UK Supreme Court Refuses Appeal of Parents of Toddler on Life Support; Their Attorney Says Not So Fast
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The Supreme Court in the United Kingdom denied on Friday the latest appeal by the parents of a toddler on life support to keep him alive. Still, Alfie Evans' embattled father and mother fight on.
"We are now presently filing a case to the European Court of Human Rights, including a motion for interim measures, which is an emergency order that can be issued by the European Court at its discretion, which would prevent the hospital from taking any measures to end Alfie's life," Roger Kiska, legal counsel at Christian Legal Centre which is representing the family, told CBN News.
In February, Mr. Justice Hayden of the High Court ruled that whatever was causing Alfie's condition, the damage to the toddler's brain was so severe that it was in his best interest to be taken off life support.
The Court of Appeal ruled Monday against Tom Evans and Kate James, parents of the 23-month-old boy, who want to take him to Italy for medical treatment.
Alfie is battling an undiagnosed brain disease, according to reports. He is on life support at Liverpool's Alder Hey Children's Hospital which is part of the UK's National Health Service Foundation Trust.
In Friday's ruling, the Supreme Court said Alfie's parents could not appeal its decision.
"There will be no further stay of the Court of Appeal's order," the judges ruled. "The hospital must be free to do what has been determined to be in Alfie's best interests."
"That is the law in this country," they continued. "No application to the European Court of Human Rights in Strasbourg can or should change that."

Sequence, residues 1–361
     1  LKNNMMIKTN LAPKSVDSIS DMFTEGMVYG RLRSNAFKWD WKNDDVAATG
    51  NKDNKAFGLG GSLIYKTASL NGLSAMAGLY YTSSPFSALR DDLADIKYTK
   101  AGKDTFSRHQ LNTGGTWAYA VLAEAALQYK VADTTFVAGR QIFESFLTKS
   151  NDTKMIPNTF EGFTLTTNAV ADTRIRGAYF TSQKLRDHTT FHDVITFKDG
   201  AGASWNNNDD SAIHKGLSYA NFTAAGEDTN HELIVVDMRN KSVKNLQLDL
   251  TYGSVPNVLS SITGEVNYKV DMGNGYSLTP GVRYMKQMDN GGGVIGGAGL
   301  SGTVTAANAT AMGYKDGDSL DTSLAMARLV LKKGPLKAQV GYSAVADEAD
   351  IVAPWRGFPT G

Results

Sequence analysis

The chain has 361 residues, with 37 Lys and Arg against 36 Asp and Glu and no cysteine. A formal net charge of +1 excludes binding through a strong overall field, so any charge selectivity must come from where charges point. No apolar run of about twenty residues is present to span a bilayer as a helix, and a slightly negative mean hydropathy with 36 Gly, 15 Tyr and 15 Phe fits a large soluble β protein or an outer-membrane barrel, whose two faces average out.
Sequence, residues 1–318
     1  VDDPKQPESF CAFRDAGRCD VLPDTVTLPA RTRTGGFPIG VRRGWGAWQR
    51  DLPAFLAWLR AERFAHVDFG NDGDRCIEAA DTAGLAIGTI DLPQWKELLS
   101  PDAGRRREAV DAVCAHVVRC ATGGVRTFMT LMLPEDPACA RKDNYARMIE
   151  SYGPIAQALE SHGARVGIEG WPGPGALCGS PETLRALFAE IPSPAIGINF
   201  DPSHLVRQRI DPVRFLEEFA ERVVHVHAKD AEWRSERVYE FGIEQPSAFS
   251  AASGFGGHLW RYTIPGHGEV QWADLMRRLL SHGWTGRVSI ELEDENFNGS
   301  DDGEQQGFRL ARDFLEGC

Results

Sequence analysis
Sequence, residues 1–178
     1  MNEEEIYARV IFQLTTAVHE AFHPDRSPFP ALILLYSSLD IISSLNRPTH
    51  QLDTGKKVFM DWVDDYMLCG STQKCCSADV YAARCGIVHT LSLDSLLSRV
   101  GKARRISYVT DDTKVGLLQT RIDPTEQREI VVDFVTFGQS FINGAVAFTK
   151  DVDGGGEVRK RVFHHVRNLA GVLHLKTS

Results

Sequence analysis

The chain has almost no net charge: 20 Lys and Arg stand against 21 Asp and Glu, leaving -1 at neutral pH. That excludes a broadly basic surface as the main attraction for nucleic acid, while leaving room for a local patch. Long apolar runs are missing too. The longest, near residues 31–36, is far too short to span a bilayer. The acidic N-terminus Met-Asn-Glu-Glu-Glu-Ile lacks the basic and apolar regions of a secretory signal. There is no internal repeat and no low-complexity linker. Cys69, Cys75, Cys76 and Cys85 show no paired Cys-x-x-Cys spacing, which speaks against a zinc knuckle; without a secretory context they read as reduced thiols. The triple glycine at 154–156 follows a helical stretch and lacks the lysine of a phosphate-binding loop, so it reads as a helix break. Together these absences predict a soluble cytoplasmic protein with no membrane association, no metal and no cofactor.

However, Kiska disagrees.
"The Supreme Court doesn't have that authority to circumvent its treaty obligations," he told CBN News. "When a case is made before a domestic tribunal on a convention issue which the right to life is, then there is a right to go to Strasbourg."
"So whether the Supreme Court likes it or not, this was a new legal argument," Kiska continued. "When they decided not to hear the case, it meant that domestic remedies were exhausted, and we therefore have a right of appeal to the Strasbourg court."
Christian Concern, a sister organization of Christian Legal Centre, released a statement from Alfie's father about the Supreme Court's decision to not hear his appeal.
"Like all Alfie's family, I am very disappointed by the new decision of the Supreme Court which justifies Alfie's imprisonment in Alder Hey Hospital, and refuses to let him go to Rome on the invitation of the Pope," Evans said.
"We have asked them to watch the recent videos of Alfie, and their decision now admits that Alfie 'looks like a normal boy,'" he continued. "However, their paperwork still says his brain no longer exists, his life is futile, he may not be allowed to go, but must be made to die – all in his own best interests."
"Only the paperwork matters to these people – the real child does not," Evans said. "This is not justice. This is a cruel bureaucracy."
In its ruling, the Supreme Court said, "Alfie looks like a normal baby, but the unanimous opinion of the doctors who have examined him and the scans of his brain is that almost all of his brain has been destroyed."
"It means that Alfie cannot breathe, or eat, or drink without sophisticated medical treatment," the judges continued. "It also means that there is no hope of his ever getting better."
In spite of those words, Tom Evans refuses to give up.
"We will continue to fight, by all means available to us within the law, to save our son's life," he said in the statement.
Kiska told CBN News that he wants people to realize the larger implications of Alfie's situation.
"To view this case as a potential watershed moment, one where courts have really shown a disdain for human life when they decided it wasn't worth living anymore, and that in a sense is eugenics," he said.
"It's actually tantamount to euthanasia," Kiska continued, and he urges people to pray.
"Now more than ever," he said.
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